5 Abnormal Eyelashes
“Abnormal Eyelashes” discusses the condition in which eyelashes contact and irritate the eyeball in the absence of eyelid entropion; this is called trichiasis if the eyelash grows in the normal position but gets turned toward the globe, or distichiasis if the eyelash grows from an abnormal position. If eyelashes abrade the cornea, the patient will experience constant irritation, photophobia, and lacrimation. Constant corneal abrasion by ingrowing eyelashes can result in severe visual morbidity (e.g., corneal scarring seen in advanced trachoma). Simply epilating the offending eyelash is not recommended because it will regrow and be short and stiff, causing more corneal damage than the mature eyelash did. Treatment by electrolysis, argon laser ablation, cryotherapy, or wedge excision and the attendant postoperative care are described in detail.
Trichiasis refers to a condition in which aberrant eyelashes turn inward against the globe in the absence of any eyelid malposition (Fig. 5‑1a). It is commonly associated with chronic blepharoconjunctivitis or cicatrizing conjunctivitis (e.g., ocular cicatricial pemphigoid). It may also be seen after eyelid margin trauma or after a poor surgical repair of the eyelid margin (e.g., after a wedge resection of an eyelid lesion). In contrast, distichiasis refers to a condition in which accessory eyelashes arise from the lid margin in an area other than the normal ciliary line, such as from the meibomian gland orifices (Fig. 5‑1b). If eyelashes abrade the cornea the patient will experience constant irritation, photophobia, and lacrimation. Fluorescein staining of the cornea will occur. Constant corneal abrasion by ingrowing eyelashes can result in severe visual morbidity (e.g., corneal scarring seen in advanced trachoma). Very rarely, abnormal eyelashes may be seen growing from an unusual location in the eyelid (Fig. 5‑1c).
The management of misdirected lashes because of an eyelid malposition is addressed in Chapters 3 and 4.
Bandage contact lens
Argon laser ablation
Epilation of eyelashes provides a temporary relief from symptoms, but the symptoms are often exacerbated as the eyelashes regrow. The eyelashes are initially short and firm and create more corneal damage. Epilation also prevents definitive treatment by electrolysis. The surgeon is unable to identify the offending eyelashes until these have begun to regrow.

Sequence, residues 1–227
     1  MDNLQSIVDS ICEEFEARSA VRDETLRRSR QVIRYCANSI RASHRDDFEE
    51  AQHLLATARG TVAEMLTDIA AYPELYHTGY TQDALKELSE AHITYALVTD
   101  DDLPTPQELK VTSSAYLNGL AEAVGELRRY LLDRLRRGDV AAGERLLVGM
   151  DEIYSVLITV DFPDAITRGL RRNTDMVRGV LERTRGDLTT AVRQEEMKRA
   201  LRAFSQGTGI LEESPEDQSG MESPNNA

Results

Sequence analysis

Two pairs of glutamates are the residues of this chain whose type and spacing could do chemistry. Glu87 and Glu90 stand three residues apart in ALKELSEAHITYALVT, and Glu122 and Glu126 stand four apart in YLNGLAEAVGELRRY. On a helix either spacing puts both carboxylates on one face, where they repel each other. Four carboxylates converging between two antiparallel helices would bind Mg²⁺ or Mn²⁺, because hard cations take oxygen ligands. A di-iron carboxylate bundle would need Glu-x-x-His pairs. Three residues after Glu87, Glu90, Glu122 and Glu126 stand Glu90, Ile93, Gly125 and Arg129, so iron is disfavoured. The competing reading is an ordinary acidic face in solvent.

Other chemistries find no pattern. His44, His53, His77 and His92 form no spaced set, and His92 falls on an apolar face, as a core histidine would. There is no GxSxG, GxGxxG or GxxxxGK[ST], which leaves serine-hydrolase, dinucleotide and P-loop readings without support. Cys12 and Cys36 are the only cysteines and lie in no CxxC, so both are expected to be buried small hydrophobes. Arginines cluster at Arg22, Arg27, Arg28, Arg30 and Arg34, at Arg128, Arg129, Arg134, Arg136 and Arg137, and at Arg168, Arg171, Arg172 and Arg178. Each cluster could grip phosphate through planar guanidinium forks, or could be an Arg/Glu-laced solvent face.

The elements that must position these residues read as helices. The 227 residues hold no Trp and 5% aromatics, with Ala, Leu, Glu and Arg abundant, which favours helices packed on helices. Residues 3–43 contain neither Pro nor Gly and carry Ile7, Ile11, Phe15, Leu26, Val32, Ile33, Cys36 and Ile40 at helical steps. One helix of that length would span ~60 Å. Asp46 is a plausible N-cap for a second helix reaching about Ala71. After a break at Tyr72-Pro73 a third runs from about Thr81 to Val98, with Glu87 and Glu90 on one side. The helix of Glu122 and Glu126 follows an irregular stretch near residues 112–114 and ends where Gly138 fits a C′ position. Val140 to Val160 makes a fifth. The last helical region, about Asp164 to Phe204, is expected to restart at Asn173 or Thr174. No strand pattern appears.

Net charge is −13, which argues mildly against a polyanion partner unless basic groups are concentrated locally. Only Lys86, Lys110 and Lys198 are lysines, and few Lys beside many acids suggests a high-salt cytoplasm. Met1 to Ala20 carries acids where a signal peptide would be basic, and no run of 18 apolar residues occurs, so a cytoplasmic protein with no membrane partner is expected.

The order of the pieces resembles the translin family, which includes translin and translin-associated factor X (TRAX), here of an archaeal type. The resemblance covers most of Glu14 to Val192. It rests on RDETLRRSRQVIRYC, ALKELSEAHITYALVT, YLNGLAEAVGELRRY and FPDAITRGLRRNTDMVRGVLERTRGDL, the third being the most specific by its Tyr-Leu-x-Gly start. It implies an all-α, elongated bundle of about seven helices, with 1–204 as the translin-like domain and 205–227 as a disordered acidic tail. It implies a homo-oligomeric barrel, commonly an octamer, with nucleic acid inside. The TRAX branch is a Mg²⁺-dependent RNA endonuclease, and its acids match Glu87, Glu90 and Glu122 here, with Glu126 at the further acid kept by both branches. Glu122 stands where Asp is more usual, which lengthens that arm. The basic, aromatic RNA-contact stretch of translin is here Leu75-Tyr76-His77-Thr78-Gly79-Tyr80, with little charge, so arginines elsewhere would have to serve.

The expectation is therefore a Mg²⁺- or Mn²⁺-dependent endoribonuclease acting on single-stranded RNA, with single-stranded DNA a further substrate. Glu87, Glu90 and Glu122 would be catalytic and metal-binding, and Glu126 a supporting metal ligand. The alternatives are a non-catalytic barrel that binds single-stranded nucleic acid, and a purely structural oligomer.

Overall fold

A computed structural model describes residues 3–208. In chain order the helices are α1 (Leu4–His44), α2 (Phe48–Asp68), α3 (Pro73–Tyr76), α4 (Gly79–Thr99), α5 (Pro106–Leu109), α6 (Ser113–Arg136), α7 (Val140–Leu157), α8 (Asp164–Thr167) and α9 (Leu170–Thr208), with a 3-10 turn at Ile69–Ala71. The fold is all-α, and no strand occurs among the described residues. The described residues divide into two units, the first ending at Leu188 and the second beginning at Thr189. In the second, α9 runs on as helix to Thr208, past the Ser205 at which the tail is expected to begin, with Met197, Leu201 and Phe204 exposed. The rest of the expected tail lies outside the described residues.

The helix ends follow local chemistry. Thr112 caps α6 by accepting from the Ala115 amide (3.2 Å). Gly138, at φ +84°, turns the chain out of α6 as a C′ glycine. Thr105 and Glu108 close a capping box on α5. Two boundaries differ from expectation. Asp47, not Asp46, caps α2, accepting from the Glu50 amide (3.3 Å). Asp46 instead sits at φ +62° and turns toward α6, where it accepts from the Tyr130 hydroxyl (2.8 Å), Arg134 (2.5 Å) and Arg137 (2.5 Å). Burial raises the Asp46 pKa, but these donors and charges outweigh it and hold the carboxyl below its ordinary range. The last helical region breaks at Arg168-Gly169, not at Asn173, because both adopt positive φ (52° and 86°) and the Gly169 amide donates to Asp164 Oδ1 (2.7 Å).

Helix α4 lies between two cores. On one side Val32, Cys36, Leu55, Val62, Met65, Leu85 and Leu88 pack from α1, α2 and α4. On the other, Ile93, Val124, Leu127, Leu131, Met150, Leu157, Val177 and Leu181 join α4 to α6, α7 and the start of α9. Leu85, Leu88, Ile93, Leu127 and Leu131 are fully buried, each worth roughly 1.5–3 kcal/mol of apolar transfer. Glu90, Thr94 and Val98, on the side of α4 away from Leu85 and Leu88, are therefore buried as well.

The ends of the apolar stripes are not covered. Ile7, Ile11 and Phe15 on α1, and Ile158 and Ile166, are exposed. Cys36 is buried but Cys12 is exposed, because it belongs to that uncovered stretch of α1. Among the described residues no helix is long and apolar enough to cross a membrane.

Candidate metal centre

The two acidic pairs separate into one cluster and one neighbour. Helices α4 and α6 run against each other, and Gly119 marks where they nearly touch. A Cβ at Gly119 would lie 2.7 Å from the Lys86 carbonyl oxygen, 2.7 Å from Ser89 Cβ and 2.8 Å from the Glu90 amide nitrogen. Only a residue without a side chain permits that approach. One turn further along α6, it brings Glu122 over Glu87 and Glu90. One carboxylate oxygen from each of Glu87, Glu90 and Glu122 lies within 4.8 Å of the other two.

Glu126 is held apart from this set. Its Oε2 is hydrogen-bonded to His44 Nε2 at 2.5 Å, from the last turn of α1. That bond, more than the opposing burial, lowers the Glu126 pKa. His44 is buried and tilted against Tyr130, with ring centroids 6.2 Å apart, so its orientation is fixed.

5.2.2 Bandage Contact Lens
A temporary relief from symptoms can be obtained by the fitting of a bandage contact lens while definitive treatment is being arranged. The contact lens has to be worn continuously, which exposes the patient to a risk of bacterial keratitis.
Electrolysis is an appropriate form of treatment if only a few eyelashes are present, particularly if they are located in different positions in the eyelids. The Ellman-Surgitron radiofrequency device is particularly suited for electrolysis if the patient does not have a cardiac pacemaker (Fig. 5‑2).
A topical anesthetic agent is instilled into the eye.
Between 1 and 2 mL of 2% lidocaine with 1:80,000 units of adrenaline are injected subcutaneously and subconjunctivally into the affected eyelid.
The neutral plate is positioned between the patient’s shoulder blades.
The eyelid is grasped with a pair of Paufique forceps. The electrolysis needle is inserted along the lash to a depth of approximately 2 to 3 mm to the position of lash bulb using an operating microscope.
The current is applied for only 2 to 3 seconds using the foot pedal. The procedure is always initiated using the lowest settings on the device.
A gentle bubbling should be observed. The lash should either accompany the electrolysis needle as it is withdrawn or come out of the eyelid easily using epilation forceps but without any resistance. If there is any resistance, the procedure should be repeated.